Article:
When it comes to heritage travel for African-Americans, maroon is — or should be — the new black.
About an hour’s drive inland from the Colombian port city of Cartagena de Indias stands the village of San Basilio de Palenque. Population: roughly 3,500. Dusty streets, small, one-story homes and shops. A humble Catholic church. At first glance, nothing remarkable.
But its very existence is remarkable.
When the Spanish began shipping African captives into slavery at Cartagena de Indias back in the 17th century, some broke free and fled into the wilderness. They returned — often — to free every kidnapped African they could. Eventually, they built their own little walled, fortified village. A palenque.
They were led by an African king named Benkos Biohó.
Ultimately, the Spanish not only did they opted to leave the town alone, but formally granted its occupants their freedom. Which is how San Basilio de Palenque became the first community of free Africans anywhere in the Americas — North, Central or South — a fact that won it special recognition from UNESCO, the United Nations Educational, Scientific and Cultural Organization.
To every descendant of every African ever enslaved in the Americas, this is — or should be — sacred ground.
All across the Caribbean and South America, African escapees built palenques, sometimes clashing with indigenous peoples trying to protect their lands from these strange newcomers, as well as the European plantation owners who wanted their “property” back.
They fell back on the knowledge of foods and medicinal plants they had brought with them from the Mother Continent. They kept alive their music, dance, religion, languages. They even raided European plantations for supplies, weapons — and more escapees.
Collectively, the Spanish labelled them maroons. Supposedly, the word derives from the Spanish word “cimarron”, meaning feral animal, fugitive, runaway. Or “outlyers.”
None had more success than in Haiti, where a force of free African rebels went toe-to-toe with the cream of Napoleon Bonaparte’s army and overthrew slavery altogether. But throughout Latin America, including Haiti, the maroons paid a high price for their defiance. Brutally attacked and suppressed in the past, discriminated against up to the present.
Add to that the need to migrate to big cities in search of jobs and you understand why San Basilio de Palenque is the only community of its kind left in the 21st century.
Still, the maroons themselves endure, and you can find them scattered across the Americas.
They may speak Spanish in Mexico, Uruguay and Colombia, in the Dominican Republic and Cuba. They may speak Dutch in St. Maarten and Suriname or French in St. Martin, Haiti and Martinique, English in Belize and Trinidad.
Over time, some blended their native African languages with European tongues to create new languages spoken only by them.
Across the centuries, though, they all spoke a common language of resistance. For them, culture became a survival tool, a way of saying to the world, “This is who we are, and who we will remain.”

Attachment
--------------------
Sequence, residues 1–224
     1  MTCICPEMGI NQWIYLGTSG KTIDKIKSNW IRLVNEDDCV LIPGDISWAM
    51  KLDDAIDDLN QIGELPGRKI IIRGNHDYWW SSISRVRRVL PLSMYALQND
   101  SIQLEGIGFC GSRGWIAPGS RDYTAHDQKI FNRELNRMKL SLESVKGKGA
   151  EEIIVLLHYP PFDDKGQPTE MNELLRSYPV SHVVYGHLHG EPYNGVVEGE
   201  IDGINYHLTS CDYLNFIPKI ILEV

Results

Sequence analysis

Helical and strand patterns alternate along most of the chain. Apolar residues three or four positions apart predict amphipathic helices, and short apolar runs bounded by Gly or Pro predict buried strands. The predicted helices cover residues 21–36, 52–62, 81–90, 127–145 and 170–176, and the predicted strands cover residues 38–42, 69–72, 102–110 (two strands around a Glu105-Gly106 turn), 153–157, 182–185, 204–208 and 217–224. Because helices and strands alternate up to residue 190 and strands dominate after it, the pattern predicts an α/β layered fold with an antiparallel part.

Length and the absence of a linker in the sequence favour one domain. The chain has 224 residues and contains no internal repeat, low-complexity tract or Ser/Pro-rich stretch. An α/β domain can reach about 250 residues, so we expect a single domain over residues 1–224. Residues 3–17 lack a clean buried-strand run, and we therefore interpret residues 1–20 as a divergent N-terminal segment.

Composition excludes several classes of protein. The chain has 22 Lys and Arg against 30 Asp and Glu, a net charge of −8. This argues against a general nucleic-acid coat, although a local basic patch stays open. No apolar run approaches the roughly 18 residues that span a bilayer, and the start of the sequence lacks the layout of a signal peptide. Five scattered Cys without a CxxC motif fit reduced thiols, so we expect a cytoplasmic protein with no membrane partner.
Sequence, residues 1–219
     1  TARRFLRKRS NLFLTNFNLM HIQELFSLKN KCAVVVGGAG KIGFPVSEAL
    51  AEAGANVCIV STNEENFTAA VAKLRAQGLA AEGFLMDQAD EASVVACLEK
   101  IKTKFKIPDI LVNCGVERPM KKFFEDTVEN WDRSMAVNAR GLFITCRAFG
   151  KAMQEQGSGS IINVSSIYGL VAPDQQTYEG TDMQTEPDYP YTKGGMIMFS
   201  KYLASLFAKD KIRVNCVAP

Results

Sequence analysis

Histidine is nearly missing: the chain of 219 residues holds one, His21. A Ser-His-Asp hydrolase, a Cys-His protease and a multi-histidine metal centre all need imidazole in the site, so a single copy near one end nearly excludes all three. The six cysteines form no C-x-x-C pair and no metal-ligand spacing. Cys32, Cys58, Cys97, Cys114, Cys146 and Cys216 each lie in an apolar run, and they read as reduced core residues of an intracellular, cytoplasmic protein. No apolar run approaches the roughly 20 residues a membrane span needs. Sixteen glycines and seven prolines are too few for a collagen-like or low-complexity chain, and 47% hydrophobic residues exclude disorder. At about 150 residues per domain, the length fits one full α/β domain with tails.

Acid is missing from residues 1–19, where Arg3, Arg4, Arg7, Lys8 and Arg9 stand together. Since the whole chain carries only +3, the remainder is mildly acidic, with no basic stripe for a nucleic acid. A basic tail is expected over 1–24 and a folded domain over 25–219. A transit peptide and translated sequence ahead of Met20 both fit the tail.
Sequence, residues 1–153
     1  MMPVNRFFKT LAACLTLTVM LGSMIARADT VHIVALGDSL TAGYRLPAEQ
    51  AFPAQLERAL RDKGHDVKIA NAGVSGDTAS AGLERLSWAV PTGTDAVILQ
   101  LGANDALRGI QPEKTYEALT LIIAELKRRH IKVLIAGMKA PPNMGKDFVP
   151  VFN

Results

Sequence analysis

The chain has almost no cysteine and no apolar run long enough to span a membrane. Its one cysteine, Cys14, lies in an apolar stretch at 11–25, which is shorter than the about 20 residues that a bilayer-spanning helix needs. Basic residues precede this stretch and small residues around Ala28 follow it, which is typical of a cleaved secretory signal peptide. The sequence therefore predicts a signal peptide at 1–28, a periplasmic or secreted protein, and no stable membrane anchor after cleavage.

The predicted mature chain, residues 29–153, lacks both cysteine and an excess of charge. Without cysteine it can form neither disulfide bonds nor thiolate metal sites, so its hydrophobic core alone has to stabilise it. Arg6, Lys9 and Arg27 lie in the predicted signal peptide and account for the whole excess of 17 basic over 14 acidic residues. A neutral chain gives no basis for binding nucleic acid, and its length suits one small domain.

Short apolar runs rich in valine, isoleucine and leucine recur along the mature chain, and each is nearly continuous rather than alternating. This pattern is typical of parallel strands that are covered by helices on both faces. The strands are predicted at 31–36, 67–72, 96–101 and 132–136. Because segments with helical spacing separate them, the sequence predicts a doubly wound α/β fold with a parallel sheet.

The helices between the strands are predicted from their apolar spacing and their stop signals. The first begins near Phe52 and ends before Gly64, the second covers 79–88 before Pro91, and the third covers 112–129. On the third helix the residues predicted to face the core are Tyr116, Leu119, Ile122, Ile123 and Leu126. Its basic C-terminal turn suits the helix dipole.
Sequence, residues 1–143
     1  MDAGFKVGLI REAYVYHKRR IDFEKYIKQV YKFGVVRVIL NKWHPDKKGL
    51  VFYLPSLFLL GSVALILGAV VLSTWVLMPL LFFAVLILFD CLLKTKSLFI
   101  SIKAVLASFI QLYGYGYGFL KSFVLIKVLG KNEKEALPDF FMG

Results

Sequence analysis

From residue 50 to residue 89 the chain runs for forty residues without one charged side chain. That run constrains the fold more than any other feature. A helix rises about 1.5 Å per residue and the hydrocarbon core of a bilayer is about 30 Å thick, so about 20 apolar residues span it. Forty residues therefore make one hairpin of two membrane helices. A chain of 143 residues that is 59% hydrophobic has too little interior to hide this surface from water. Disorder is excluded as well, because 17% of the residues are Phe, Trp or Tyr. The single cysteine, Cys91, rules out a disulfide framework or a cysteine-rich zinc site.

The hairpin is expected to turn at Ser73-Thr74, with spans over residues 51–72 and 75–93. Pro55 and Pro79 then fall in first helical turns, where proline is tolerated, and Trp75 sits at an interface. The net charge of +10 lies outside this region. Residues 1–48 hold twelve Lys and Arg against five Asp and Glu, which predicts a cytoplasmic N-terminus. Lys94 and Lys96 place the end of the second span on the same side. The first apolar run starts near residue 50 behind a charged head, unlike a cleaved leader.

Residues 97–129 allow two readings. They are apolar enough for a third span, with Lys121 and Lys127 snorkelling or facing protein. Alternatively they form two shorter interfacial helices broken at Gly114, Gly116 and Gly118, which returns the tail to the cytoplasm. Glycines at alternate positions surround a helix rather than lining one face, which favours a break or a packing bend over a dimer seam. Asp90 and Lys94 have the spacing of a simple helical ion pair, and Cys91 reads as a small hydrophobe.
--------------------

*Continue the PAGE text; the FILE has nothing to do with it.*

MANY BLACK AMERICAS
In Martinique, you can hear that pride and independence in the music of traditional artists like Sully Cally, who makes his own drums in the capital Fort-de-France with native woods he collects himself.
It may take the form of religion, santeria rituals in Cuba or in the practice of candomblé in Brazil, which has eclipsed Catholicism as Brazil’s most popular faith. In the conduct of weddings and funerals and births. Or in any of dozens of festivals across the Americas with their origins rooted on both sides of the Atlantic.
When you look at all that, you realize that there are many Black Americas, not just ours here in the United States.
Throw in great tropical climate, incredible natural beauty, food, music, beaches, nightlife and a lot of Latin American countries make great destinations. And slowly but surely, Latin America is catching on to that.
After centuries of persecuting maroons and their descendants, nations are starting to actively promote maroon-based tourism.
If Afro-Latin culture has a capital, it might be Salvador, the capital city of Bahia state in northeastern Brazil, where 80 percent of the population is of African descent.
For 300 years, Portuguese slavery in Brazil was both huge and brutal. The Portuguese referred to Africans as peças. Pieces. It doesn’t take long to get the picture.
Today, the Bahia state government is marketing African heritage tourism to the world. State officials even speak of promoting it as a form of — wait for it — reparations. Says Bahia state governor Jaques Wagner:
“We are aware that our debt to Bahian people of African descent is still great. Yet with faith, courage and determination, we will build a Bahia that is even more diverse, more just and more human.”
Time will tell how serious they are about the reparations bit, but Bahia state already has put out the welcome for visitors wanting to get a first-hand look at its Afro-Brazilian culture.
Put it all together and you’ve got new reasons to explore Latin American destinations to which you might not have given a second thought in the past. . For culturally conscious African-American travelers, maroon may well be the new black.
Greg Gross is the Publisher/Sr. Editor of “I’m Black and I Travel!,” and the owner of the Trips by Greg travel agency, specializing in cultural and heritage travel worldwide.